So, I say yes! Let’s follow biblical authority.
Let’s let in more people than the Bible does.
Because THAT is what the Bible does.
Before we go on, you may object. You may want to say that Jesus’s teaching on the keys to the kingdom applied only to his first disciples—specifically those who were there with him in Caesarea Philippi. I disagree with that objection, but I’ll grant it’s an honest objection. Nevertheless, if that’s the objection you want to make, I have one question for you: Where was Paul at this time? I know he wasn’t in Caesarea Philippi.
And if Paul wasn’t one of the disciples in Caesarea Philippi, then, according to your argument, what authority does he have to bind and loose who will be in the kingdom? And if he wasn’t there, what other authority do we have to exclude LGBT people from our assembly? And if your answer is “the Torah said so,” then are you also keeping kosher? Are you observing the sacred calendar? Do you wear garments made from different kinds of threads? When is the last time you woke up and recited the Sh’mah?
You see the problem?
All said, I’m holding to what I’ve argued all along. The keys to the kingdom were not given to Jesus’s first disciples only for them to be buried in the ground. The authority that Jesus described—the authority of the church to bind and loose—had long been a thing that was passed down. There is no indication that Jesus intended anything different. Frankly, I think Jesus made that abundantly clear.
Truly I tell you, whatever you bind on earth will be bound in heaven, and whatever you loose on earth will be loosed in heaven. Again, truly I tell you that if two of you on earth agree about anything they ask for, it will be done for them by my Father in heaven. For where two or three gather in my name, there am I with them.
We quote that last sentence all the time. I would like to think it still applies today. But if it does apply today, it cannot be divorced from what Jesus was actually talking about in context. Where two or three gather in Jesus’s name, they are given the authority to decide whether people will be admitted into the kingdom. That’s a crazy, insane amount of trust that Jesus has in humans. Do we believe it?
Why This Is Scary For You
I understand why you find me so threatening. It’s Hell, right? If I asked you what Jesus saved us from, you would say our sins. And that’s a good, historic, biblical, and orthodox answer.
But if I asked you what happens if your sins aren’t forgiven, you would probably say, you go to Hell.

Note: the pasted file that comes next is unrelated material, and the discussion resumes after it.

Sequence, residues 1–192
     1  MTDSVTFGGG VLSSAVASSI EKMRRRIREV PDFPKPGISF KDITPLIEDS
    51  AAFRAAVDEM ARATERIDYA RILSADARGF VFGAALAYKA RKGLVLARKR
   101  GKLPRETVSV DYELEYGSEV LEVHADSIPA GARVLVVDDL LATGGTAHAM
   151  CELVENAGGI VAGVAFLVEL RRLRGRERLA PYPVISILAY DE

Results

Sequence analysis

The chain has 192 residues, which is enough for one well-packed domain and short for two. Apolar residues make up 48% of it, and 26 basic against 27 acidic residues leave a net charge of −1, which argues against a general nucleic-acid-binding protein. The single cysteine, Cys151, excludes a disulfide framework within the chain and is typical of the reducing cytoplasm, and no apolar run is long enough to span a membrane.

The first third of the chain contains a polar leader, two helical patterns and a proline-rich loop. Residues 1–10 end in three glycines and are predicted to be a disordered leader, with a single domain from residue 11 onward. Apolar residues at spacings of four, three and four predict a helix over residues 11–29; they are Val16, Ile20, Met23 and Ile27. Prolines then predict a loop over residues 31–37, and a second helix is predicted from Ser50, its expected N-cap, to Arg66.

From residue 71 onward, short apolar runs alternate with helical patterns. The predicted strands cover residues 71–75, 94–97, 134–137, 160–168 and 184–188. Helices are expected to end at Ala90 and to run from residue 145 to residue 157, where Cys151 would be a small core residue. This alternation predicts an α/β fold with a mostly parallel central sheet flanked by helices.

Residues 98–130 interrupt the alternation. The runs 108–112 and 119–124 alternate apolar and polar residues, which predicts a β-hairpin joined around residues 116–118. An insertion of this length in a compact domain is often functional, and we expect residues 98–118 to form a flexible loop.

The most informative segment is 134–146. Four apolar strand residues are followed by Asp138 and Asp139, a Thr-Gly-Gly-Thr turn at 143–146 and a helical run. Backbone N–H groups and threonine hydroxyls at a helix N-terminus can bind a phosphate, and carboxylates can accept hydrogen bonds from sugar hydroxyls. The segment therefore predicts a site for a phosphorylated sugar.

Okay, and what is Hell?
Eternal separation from God in fire after you die.
And what is the kingdom?
Those who when they die go to Heaven and not Hell.
And how do we know how to avoid this eternity in fire?
Do you see why I spent so much time trying to unshackle you from that tight little system?
(Do you see why this took six installments?)
If the conversation I just simulated is the world you live in, I get how threatening it can feel when someone like me comes around saying that God loves and accepts LGBT people. Because in that Bible you use to know how to not go to Hell, Paul describes homosexuality as sinful. If you live in a Bible-as-the-thing-that-tells-me-how-I-can-personally-be-saved-when-I-die kind of Christianity, I can’t imagine you ever believing that God loves and accepts LGBT people. I really can’t.
But as I’ve labored to explain, the faith I just described is not the ancient faith.
That faith was not about using the Bible to know how I can personally be saved from my personal sins when I die. That faith was about how we can be saved from our systems of sin now. And the Kingdom isn’t the people who will go up to Heaven when they die. The Kingdom is the renewed Earth made to look like Heaven.
These are massive differences.
I believe they are altogether different religions.
But if my explanation on the church’s authority to interpret Jesus’s teaching is to not scare you so much, I had to remove from the modern “fire insurance” kind of Christianity. I had to rework the questions you bring to the Bible. We all need a more ancient understanding of what specifically about the Jewish law and prophets Jesus claimed he fulfilled. God is remaking how the world works. He’s remaking our social structures, our politics, our economics, our relationship to the earth, and our understanding of violence. This is the Kingdom.
Using our authority to extend a place in God’s Kingdom to our LGBT neighbors should not be scary at all—it’s exciting. No doubt, the church has to make judgments about who and what will be in the Kingdom. Not everything belongs there. But to be clear, we really do have a lot of guidance on this. And from the Word.
Jesus made it crystal clear who would be blessed in this Kingdom. It wouldn’t be the power brokers of Rome. It wouldn’t be the rich. It wouldn’t be the violent. It wouldn’t be Tiberius Caesar. It wouldn’t be King Herod. It wouldn’t be the High Priest Caiaphas. No.
As Jesus said:
Blessed are the poor in spirit.
Blessed are those who mourn.
Blessed are the meek.
Blessed are the pure in heart.
Blessed are the merciful.
Blessed are the peacemakers.
And if Jesus were here today, I think he’d have more.
Blessed are those who can’t get a seat on the school bus.
Blessed are those who love anyway.
Blessed are those they say are unnatural.
Blessed are those who have been referred to conversion therapy.
Blessed are you when they say it must be a mental illness.
Blessed are those about whom they say “It’s a choice. God wouldn’t make them that way!”
Blessed are those who want in, but are kept out.
Blessed are the ones hit by waves.
And blessed are the ones who refuse to ride them.
I don’t know about you, but I know of a certain minority population who are uniquely equipped to teach us about the Kingdom. When I see LGBT people, I see all the people who Jesus said would be blessed there. When I see LGBT people, I see the babel who were rejected by the empire when the Hebrews wrote a new creation story. When I see LGBT people, I see all the groups that the Bible excluded from the table until it later grew the table. If we want to welcome the kinds of people whom Jesus welcomed, we should welcome the LGBT. We should give them a seat at the table, and we should let them do most of the talking. If we want to see the Kingdom come sooner than later, we should welcome the LGBT.
God loves them.
And he accepts them.